What does a first-time home buyer need to understand about FICO scores? If you are interested in a home loan, you need to know what FICO scores are acceptable to the lender.
You also need to know how FICO score ranges are viewed by lenders in terms of general creditworthiness. What makes a good credit score or credit score range, and what makes a “bad” credit score range?
Investopedia says credit scores have a range between 300 and 850. What do lenders think makes a good credit score? The specific answer will depend on the lender, but as a rule of thumb consumers can count on FICO scores between 670 and 739 as being “good”. Scores above this range in the 740s to a maximum of 850 are “excellent”.
What does this mean for borrowers with FICO score ranges lower than what’s mentioned above?
In general, those with FICO scores between 580 and 699 may be eligible on paper for an FHA home loan, but it may be harder to get loan approval. A lot may depend on your patterns of credit use, payment, etc.
FHA home loans permit loan approval for maximum financing, which means the borrower is required to make the lowest down payment–3.5% down. On paper, applicants with FICO scores at 580 or higher qualify for this. But the lender’s credit requirements will also play a role in the decision–NOT just the FHA minimums.
If you have lower FICO scores, plan on working on your credit as early as possible once you have decided to look into your options for a home loan.
It is possible to improve your credit scores by paying all bills on time every time for at least a year leading up to your mortgage loan application.
You will also need to lower the balances on your credit cards well below 50% of your credit limit. You should also not apply for other new lines of credit.
We advise this because the history of your credit use including on-time payments and how low your credit card balances play a role in loan approval.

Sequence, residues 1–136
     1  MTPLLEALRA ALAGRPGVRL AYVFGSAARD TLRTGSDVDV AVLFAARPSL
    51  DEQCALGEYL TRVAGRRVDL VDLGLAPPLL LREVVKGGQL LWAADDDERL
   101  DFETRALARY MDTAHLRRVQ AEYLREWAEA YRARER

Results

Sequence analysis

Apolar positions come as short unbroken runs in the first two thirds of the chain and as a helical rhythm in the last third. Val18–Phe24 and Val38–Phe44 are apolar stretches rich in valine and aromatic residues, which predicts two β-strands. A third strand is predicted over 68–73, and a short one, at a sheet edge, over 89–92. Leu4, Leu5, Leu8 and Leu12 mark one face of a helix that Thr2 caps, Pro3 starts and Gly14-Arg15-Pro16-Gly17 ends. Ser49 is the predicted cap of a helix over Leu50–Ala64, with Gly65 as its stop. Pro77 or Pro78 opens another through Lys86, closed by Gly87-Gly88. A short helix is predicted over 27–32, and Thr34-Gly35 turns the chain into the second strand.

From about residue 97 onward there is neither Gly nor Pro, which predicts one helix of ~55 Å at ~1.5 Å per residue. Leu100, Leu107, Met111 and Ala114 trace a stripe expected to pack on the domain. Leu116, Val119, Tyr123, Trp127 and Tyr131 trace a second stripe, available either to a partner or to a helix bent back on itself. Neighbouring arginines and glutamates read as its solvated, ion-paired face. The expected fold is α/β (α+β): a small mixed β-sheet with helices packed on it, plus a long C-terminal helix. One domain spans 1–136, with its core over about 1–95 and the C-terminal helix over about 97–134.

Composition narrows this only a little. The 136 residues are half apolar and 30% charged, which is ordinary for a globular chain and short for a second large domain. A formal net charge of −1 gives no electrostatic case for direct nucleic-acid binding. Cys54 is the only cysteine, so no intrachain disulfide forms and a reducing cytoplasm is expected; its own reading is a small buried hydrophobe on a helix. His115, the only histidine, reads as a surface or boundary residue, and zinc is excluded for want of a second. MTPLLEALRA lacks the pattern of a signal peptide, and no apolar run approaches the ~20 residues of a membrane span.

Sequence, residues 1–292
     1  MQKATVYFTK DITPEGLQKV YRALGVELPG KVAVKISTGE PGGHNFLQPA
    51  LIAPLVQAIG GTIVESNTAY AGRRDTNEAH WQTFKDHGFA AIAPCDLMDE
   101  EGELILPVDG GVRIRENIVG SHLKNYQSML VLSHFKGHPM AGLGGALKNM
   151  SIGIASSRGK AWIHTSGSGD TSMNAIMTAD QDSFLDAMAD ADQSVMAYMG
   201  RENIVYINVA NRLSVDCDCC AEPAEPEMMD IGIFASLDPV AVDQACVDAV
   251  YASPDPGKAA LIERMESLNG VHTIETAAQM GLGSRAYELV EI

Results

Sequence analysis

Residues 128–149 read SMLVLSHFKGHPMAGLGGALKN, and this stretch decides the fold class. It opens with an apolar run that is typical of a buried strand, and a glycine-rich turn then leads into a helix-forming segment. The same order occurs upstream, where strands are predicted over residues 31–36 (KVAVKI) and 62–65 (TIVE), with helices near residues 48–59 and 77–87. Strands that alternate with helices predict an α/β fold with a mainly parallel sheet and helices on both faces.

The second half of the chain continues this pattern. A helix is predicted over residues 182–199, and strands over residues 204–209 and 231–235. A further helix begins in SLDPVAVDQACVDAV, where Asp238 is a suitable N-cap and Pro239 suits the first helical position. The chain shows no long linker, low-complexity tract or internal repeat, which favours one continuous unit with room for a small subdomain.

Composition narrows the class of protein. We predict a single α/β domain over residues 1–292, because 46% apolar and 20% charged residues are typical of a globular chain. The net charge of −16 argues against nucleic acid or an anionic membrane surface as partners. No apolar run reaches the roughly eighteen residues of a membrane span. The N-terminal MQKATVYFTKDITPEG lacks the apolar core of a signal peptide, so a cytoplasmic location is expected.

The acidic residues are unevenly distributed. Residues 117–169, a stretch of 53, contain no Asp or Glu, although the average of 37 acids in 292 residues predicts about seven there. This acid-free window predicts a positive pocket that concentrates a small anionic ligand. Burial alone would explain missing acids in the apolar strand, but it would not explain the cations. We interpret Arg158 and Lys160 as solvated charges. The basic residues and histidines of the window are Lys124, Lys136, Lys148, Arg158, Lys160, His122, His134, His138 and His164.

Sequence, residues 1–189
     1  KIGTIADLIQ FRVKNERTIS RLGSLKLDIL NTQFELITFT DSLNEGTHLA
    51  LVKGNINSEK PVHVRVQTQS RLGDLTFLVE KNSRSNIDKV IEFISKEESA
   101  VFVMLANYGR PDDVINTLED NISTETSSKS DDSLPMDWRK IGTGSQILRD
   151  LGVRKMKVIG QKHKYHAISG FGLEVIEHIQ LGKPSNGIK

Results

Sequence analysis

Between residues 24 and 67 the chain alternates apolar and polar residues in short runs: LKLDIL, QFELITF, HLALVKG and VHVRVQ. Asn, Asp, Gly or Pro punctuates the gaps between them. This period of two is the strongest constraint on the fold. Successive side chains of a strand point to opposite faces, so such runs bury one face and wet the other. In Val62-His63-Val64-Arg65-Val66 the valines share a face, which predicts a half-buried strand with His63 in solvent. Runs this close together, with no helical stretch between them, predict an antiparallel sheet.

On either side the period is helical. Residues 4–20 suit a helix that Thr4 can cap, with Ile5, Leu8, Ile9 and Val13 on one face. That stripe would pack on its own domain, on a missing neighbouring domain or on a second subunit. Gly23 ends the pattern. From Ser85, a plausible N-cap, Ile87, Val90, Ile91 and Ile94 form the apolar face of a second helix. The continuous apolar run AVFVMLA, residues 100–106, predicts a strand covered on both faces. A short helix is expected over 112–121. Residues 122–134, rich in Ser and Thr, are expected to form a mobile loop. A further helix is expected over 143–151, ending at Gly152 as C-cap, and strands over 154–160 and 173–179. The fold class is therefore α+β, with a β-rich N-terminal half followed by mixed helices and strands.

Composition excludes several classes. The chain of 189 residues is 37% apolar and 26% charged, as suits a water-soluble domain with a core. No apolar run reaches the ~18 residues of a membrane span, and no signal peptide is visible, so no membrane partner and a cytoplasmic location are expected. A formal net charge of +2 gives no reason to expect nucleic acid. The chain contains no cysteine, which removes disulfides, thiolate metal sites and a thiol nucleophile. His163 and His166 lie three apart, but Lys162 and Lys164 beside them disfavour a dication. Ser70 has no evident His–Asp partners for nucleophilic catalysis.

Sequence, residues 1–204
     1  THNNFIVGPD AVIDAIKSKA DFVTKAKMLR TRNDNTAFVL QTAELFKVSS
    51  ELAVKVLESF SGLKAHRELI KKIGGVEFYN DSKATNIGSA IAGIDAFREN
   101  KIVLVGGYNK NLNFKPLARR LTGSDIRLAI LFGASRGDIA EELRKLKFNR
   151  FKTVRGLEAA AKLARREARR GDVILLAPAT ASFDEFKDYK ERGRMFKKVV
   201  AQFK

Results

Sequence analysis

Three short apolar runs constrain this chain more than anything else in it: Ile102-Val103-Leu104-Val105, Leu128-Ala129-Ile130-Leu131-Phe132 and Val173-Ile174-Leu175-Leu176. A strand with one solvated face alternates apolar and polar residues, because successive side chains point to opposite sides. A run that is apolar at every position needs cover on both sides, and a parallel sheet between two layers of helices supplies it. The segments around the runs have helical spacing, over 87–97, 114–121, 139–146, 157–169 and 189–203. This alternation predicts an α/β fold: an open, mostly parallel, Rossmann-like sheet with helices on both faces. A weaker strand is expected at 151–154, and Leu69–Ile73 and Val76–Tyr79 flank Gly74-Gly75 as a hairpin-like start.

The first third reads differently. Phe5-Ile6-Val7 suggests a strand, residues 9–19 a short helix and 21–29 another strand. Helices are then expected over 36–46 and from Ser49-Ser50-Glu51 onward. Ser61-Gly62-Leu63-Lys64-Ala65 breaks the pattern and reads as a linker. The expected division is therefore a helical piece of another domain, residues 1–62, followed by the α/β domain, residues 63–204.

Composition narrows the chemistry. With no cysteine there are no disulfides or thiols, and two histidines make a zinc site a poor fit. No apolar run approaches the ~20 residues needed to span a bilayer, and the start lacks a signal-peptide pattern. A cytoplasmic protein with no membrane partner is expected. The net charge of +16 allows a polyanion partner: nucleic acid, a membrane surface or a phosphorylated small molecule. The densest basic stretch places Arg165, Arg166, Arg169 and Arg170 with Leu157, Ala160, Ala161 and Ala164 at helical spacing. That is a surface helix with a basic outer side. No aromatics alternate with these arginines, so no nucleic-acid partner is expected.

When you start saving for your home loan and planning your purchase, credit monitoring is a very good idea; it helps you avoid surprises on the way to your mortgage application.
If issues arise related to identity theft, outdated entries in your credit report, or inaccurate information on your credit report, a reputable credit monitoring service can help by providing early warning.
It takes time to improve your credit. Knowing how your lender will view your credit report can be an important factor in getting your mortgage loan approved.
You don’t get overnight results when repairing your own credit, but the time you invest in raising your FICO scores will help save you money on the loan in the form of more competitive interest rates (poor credit scores can lead to loan approval but at a higher rate) and in other areas, too.
Learn About the Path to Homeownership
Take the guesswork out of buying and owning a home. Once you know where you want to go, we’ll get you there in 9 steps.
Step 1: How Much Can You Afford?
Step 2: Know Your Homebuyer Rights
Step 3: Basic Mortgage Terminology
Step 4: Shopping for a Mortgage
Step 5: Shopping for Your Home
Step 6: Making an Offer to the Seller
Step 7: Getting a Home Inspection
Step 8: Homeowner’s Insurance
Step 9: What to Expect at Closing